If the treatment is delayed 24 hours, necrosis will progress, which increases the mortality and morbidity rates to 5.5-29% associated with esophageal perforation [8]. Conservative treatment for esophageal perforation, which includes broadspectrum antibiotics, nutritional supply, has been considered for select patients with well-contained perforations, minimal contamination and no life threatening sepsis [2,5,7]. If these treatment unsuccessful, individualized operative treatments such as esophageal stent insertion, repair of the perforation site, transplantation, reconstruction and esophagectomy should be considered [7,10,11]. However, aggressive treatment for esophageal perforation such as esophagectomy, stent-grafting and transplantation reconstruction was markedly increased modality to 20%, whereas primary repair was associated with a mortality rate of 9.5% [11]. Therefore, the patient’s conditions, and aspect of perforation including cause, clinical symptoms, time of occurrence, location and size should be identified before determining whether to treat conservatively or to perform surgery [12]. If an infection occurs due to contamination following esophageal perforation, emergency operation is required because life may be threatened due to descending mediastinitis or mediastinal abscess [4,7].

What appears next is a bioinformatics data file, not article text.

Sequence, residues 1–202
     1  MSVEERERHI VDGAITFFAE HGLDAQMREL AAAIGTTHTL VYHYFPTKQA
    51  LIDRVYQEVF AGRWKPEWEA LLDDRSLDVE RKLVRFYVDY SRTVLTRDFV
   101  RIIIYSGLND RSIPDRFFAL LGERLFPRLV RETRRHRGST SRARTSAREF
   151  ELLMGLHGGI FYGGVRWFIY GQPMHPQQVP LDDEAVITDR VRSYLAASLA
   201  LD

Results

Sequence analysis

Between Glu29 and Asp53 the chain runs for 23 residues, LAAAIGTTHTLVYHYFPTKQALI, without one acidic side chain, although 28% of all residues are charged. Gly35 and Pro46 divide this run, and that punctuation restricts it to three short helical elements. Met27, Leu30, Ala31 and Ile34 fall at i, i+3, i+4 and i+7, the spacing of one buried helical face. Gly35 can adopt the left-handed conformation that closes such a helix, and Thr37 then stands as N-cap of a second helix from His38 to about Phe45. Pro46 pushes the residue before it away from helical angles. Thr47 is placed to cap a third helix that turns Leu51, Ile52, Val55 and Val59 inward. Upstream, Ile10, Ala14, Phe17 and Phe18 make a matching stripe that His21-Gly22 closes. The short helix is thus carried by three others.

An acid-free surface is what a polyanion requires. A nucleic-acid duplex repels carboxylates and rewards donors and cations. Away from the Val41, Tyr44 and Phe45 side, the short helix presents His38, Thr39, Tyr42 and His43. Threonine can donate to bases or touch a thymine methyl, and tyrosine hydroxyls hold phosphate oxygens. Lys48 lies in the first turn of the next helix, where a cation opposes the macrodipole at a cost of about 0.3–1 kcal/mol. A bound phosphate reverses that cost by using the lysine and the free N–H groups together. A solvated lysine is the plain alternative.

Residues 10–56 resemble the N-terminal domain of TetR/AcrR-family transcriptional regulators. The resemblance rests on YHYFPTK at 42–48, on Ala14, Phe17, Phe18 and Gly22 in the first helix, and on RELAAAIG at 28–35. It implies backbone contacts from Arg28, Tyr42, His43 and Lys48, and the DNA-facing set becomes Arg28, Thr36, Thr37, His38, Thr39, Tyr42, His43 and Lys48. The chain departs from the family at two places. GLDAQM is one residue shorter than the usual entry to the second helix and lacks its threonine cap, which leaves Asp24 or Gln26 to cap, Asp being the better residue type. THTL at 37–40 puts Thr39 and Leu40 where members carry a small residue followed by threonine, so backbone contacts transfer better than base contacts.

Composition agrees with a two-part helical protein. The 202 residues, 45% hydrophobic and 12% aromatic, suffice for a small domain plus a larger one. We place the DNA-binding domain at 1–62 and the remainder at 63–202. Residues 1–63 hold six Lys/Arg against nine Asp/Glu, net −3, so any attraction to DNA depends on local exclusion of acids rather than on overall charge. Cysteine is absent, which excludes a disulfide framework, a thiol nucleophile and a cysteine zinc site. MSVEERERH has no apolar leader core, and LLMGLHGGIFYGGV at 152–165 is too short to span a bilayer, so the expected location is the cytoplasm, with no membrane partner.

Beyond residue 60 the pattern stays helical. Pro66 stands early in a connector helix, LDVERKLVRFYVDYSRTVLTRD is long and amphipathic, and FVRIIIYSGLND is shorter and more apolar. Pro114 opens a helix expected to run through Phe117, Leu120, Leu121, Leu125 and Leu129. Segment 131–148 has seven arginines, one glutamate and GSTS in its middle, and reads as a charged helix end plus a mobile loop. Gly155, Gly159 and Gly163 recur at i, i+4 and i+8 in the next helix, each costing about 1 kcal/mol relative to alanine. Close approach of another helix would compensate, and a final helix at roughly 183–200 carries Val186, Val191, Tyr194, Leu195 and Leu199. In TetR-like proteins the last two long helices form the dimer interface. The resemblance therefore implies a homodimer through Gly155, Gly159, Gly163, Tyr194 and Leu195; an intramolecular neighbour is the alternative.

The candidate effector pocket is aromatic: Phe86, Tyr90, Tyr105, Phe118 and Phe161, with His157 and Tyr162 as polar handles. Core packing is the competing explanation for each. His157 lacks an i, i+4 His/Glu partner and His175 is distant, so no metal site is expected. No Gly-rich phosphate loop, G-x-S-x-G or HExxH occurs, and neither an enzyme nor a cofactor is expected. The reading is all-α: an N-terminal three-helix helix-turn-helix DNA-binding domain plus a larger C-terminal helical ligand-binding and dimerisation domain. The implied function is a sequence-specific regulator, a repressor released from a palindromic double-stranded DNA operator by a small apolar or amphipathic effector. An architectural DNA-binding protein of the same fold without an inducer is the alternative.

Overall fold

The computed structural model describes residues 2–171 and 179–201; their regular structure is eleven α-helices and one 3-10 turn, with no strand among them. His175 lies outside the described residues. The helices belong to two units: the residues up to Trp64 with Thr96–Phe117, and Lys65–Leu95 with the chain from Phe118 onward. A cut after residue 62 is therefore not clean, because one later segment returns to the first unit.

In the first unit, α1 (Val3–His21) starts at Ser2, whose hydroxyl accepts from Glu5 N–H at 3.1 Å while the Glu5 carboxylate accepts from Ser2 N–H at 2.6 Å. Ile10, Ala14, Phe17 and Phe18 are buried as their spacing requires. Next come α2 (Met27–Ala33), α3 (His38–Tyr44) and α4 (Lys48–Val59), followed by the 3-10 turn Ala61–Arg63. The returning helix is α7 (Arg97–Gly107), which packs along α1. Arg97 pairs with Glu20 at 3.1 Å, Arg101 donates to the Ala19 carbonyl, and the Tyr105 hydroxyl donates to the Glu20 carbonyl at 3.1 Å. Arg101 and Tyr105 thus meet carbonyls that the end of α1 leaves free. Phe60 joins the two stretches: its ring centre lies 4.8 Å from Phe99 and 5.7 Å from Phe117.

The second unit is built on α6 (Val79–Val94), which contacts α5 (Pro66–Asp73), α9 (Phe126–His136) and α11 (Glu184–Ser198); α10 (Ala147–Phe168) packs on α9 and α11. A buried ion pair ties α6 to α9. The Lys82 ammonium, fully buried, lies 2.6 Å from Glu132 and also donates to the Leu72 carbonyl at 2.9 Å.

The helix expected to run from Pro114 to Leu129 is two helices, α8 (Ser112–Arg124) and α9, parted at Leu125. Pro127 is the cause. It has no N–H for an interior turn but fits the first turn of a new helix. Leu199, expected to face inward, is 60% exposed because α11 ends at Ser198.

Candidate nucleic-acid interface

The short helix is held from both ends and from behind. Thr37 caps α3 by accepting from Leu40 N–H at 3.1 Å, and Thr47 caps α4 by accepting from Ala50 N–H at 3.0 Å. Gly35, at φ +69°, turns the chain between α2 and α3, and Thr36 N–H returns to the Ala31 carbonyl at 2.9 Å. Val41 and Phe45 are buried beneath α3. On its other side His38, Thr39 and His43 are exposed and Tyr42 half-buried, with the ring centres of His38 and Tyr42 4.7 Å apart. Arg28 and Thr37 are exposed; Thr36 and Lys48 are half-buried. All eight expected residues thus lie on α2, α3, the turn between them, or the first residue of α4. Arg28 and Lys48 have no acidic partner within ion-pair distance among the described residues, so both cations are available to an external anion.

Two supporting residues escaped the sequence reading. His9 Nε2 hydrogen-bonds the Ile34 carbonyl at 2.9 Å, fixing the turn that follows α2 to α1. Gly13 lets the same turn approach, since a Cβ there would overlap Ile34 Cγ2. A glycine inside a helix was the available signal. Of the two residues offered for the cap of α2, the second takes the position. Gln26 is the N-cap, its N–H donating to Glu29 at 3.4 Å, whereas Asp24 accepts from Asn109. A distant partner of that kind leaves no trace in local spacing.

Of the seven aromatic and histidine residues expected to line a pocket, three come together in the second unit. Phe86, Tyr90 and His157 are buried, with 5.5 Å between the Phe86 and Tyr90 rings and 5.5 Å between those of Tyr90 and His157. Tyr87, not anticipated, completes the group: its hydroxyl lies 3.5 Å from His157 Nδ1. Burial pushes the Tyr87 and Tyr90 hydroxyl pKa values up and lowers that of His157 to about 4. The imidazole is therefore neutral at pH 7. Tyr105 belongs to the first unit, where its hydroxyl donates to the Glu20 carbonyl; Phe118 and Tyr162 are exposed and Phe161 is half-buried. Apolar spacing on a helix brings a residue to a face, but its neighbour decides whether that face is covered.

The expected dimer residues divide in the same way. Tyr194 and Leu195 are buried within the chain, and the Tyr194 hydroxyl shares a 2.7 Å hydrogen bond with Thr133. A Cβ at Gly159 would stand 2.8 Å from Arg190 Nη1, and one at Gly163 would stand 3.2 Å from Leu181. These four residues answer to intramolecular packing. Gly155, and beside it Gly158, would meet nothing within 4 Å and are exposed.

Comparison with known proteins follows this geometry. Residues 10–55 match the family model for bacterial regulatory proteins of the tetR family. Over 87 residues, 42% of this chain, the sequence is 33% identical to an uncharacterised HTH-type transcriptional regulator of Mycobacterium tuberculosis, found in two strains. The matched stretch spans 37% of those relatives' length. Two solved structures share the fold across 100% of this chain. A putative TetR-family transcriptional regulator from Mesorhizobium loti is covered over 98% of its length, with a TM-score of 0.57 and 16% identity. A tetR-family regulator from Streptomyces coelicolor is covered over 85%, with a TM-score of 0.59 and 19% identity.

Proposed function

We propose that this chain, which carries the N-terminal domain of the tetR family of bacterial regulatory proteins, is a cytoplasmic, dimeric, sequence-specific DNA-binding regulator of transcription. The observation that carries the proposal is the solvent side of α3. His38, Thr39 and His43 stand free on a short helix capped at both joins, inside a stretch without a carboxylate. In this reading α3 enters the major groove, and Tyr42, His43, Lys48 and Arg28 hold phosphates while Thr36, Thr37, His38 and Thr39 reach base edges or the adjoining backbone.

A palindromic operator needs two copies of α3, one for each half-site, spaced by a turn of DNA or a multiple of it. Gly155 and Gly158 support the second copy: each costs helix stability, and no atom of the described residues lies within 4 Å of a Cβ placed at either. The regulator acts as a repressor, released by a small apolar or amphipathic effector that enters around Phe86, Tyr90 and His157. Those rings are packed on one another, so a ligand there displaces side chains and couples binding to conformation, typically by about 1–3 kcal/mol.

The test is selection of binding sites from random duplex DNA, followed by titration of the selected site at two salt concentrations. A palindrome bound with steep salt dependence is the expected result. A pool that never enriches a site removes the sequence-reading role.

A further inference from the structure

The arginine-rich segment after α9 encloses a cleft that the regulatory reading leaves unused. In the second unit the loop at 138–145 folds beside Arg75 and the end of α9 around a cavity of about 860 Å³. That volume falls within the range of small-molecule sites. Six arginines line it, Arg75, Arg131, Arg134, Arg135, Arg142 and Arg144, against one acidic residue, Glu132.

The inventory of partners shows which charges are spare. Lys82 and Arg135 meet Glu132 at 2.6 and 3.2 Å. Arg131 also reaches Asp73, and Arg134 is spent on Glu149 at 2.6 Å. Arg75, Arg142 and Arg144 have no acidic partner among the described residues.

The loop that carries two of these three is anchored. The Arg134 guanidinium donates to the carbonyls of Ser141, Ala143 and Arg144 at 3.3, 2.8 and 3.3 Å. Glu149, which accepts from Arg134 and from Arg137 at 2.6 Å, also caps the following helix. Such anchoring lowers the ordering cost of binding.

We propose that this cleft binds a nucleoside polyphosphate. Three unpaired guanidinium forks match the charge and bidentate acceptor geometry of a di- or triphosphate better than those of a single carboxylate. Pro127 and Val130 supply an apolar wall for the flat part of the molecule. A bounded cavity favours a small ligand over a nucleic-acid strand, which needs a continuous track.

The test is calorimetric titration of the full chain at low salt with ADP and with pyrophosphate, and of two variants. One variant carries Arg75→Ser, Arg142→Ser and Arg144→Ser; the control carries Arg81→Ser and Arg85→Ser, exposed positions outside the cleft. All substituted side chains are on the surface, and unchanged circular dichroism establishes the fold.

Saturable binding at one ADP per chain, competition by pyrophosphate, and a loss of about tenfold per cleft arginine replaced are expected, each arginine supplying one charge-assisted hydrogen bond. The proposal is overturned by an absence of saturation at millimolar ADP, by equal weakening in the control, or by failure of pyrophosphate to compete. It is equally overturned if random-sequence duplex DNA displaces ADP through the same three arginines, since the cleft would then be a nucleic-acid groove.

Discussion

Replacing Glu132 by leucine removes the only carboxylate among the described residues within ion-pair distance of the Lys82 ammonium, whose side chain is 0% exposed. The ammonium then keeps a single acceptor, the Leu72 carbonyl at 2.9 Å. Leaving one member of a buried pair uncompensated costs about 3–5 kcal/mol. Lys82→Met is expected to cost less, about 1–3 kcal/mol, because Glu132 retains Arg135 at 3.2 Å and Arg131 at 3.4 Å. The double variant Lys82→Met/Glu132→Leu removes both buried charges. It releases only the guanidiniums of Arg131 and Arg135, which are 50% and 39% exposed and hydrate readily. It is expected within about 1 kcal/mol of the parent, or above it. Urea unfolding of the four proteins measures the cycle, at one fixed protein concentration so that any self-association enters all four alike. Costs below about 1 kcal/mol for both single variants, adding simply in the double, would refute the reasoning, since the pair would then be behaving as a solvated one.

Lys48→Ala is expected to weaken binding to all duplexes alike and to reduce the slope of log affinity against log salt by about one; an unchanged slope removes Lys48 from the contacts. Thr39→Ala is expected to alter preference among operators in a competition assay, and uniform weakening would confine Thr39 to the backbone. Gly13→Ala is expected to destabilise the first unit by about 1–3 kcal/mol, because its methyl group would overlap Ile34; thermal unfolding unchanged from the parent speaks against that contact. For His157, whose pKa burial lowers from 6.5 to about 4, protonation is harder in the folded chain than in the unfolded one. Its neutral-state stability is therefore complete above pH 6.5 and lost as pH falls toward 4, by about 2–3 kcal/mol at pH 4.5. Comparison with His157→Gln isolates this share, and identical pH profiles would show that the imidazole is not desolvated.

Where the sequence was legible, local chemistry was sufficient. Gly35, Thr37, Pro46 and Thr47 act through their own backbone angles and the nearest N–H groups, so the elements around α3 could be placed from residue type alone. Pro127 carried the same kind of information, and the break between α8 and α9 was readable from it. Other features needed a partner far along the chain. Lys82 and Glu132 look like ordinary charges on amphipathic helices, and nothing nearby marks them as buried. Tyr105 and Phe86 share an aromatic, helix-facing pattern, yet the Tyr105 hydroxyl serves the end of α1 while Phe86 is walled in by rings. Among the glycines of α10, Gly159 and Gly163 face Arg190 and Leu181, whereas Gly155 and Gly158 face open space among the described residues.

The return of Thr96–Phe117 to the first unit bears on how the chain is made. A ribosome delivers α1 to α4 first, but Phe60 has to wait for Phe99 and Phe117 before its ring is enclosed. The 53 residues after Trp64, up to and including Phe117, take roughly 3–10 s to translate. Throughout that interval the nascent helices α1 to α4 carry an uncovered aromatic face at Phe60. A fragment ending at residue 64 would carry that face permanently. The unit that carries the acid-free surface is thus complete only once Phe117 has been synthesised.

In this case, although the patient received primary esophageal repair after conservative treatment, deep neck abscess and mediastinitis occurred after 2 days. It is thought that food material leaking from the perforation contaminated the neck wound and aggravated the infection. Drainage and saline irrigation were repeatedly performed to treat the abscess in the mediastinum. In this process, VAC therapy was applied instead of inserting a regular drainage tube.